2021. 11

On Being a Fan – A conversation between  Jun Miura  &  Akihide Mochizuki : It’s time to talk about the Jomon period

Special conversation: from right,  Jun Miura(illustrator)and Akihide Mochizuki(Chief Editor of Jomonzine)


Text: Akira Murayama Photos: Emiko Fukuda Translation: James Watt


The Edo-Tokyo Museum is holding an exhibition titled, Jomon 2021: Jomon people who lived in Tokyo, from October 9 to December 5, 2021. The special exhibition focuses on people’s lives during the Jomon period, an era that lasted more than 10,000 years, and in particular on Jomon period Tokyo, and it is the first such large-scale exhibition to do so in 35 years.

We are seeing more attention on Jomon period Japan, for example in July 2021, when UNESCO inscribed the Jomon Prehistoric Sites in Northern Japan on its World Heritage List. Jun Miura has visited some unique cultural sites around Japan meeting “Yuru-kyara” local mascots and taking part in strange festivals, and for this dialogue we have brought him together with Akihide Mochizuki, Chief Editor of the free  magazine Jomonzine and official Jomon Ambassador for southern Hokkaido. During the conversation the two men experienced the exhibition from their own individual points of view, and discussed the powerful appeal of the Jomon period, a time about which many mysteries still remain.

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Mochizuki Nice to meet you. My name is Akihide Mochizuki, and I am Chief Editor of the free magazine called Jomonzine.


Miura Nice to meet you. I am Jun Miura.


── Mr. Mochizuki has also published a book called Jomon-jin ni Sodan Da, posing as a person from the Jomon period to give people advice.


Miura Wow. I guess if you are a Jomon person, then you already know everything to be seen in the exhibition.


Mochizuki Yes. At least, as far as I know.


Were dogu the souvenirs of the Jomon period?




Miura Oh! This is the dogu (clay figurine) on the Jomon 2021 poster! It’s called “Venus of Tama New Town”. There is white under the eyes – were they originally painted white?


Mochizuki The side of the face on our right is the original that was found in the ground, while the left side is the restored part. The area under the eyes was painted white.


Miura Is this where (rock musician) Kenji Ohtsuki got the idea for his own makeup? By the way, is it known as the Venus since it depicts a woman?


Venus of Tama New Town: Dogu (clay figurine), Excavated from Tama New Town Site No. 471.  Collection of the Tokyo Metropolitan Board of Education



Mochizuki We’re not really sure about the figurine’s sex, but it seems like people in the modern day are quick to call things “Venus.” This figurine doesn’t really look like a person; it is deformed and exhibits a strong sense of neutrality. While half of the face on this one has been restored, many other dogu have been found with different parts of their bodies missing.


Miura This is just a thought, but it seems to me that dogu like this might have been the souvenirs of the Jomon period. It even looks like a souvenir-style design. What do you think?


Mochizuki Well, not many of these have been dug up, so I don’t think there would have been enough to open a shop. That being said, around a thousand dogu have been found from the Shakado site in Yamanashi Prefecture. Their faces are different, but they essentially have the same design.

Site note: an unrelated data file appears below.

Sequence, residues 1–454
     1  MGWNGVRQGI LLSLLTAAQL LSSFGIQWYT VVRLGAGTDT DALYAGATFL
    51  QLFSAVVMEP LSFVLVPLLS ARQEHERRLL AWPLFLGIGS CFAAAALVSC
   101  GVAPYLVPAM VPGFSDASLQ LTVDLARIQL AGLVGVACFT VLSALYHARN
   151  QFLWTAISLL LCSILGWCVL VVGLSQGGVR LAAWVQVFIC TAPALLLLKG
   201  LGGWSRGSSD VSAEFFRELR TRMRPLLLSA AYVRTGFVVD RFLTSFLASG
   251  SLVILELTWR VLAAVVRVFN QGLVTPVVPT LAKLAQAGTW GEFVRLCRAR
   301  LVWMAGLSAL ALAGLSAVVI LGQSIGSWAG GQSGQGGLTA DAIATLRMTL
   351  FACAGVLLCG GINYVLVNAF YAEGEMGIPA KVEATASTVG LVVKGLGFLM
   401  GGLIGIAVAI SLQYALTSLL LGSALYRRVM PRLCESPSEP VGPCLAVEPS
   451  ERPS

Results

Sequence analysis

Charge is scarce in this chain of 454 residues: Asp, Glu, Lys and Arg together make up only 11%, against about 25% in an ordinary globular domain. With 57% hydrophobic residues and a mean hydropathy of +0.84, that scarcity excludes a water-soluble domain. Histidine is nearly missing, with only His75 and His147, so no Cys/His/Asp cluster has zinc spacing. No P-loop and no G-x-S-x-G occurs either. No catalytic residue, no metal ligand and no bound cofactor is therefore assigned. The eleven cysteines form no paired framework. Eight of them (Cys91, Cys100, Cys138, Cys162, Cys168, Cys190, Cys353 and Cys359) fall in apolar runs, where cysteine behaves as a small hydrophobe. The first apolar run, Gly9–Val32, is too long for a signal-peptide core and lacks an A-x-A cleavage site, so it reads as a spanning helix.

Miura See! That would have been the souvenir factory! You know, Jomon people seem to have had pretty decent lives. Wouldn’t that mean they’d also have the concept of souvenirs?


Mochizuki Well, it is possible that they carried stones with them when traveling to distant destinations. Jade would have been very valuable, but obsidian arrowheads from Nagano have even been found in Hokkaido.


Jade and amber items excavated in the Tokyo area. Jade was considered valuable by the Jomon people as well. The only place it could be found in Japan is the Itoigawa area of Niigata Prefecture, and from it would travel to Nagano, then on to Yamanashi before coming to Tokyo. It is thought that it would have been transported by a route known as  “Jade Road”.


Well-made pottery and poorly-made pottery



Miura This exhibit describes well-made and poorly-made pottery, but I’m wondering who makes the distinction between the two? This one here is distorted, so since it captures the wabi-sabi, I would think it’s pretty well-made.


Deep bowl (poorly-made), Excavated from Tama New Town Site No. 245. Collection of the Tokyo Metropolitan Board of Education.


Mochizuki There are various ways to determine if something is well-made or poorly-made, and it’s not just based on technique. That being said, this vessel on the right (see photo above) is pretty poorly-made from a technical perspective as well. The two vessels on the left (see photo below) are essentially the same size and have the same pattern. That is pretty rare. Other than Vessel with flame-like ornamentation, most pottery wasn’t made to look like other pottery.


Deep bowl (well-made), Excavated from Tama New Town Site No. 245. Collection of the Tokyo Metropolitan Board of Education.


Miura Does that mean that these were made by the same person?


Mochizuki It’s possible, yes. A lot of the items the Jomon people made were abstract. Perhaps it was considered taboo to create anything that resembled something real or concrete. But I think there were people who just wanted to create things, and they managed to sneak some concrete ideas into their abstract works. The earliest dogu didn’t have faces or limbs. Perhaps, over time, it started to become more and more okay to portray faces, and bit by bit, their range of expression expanded.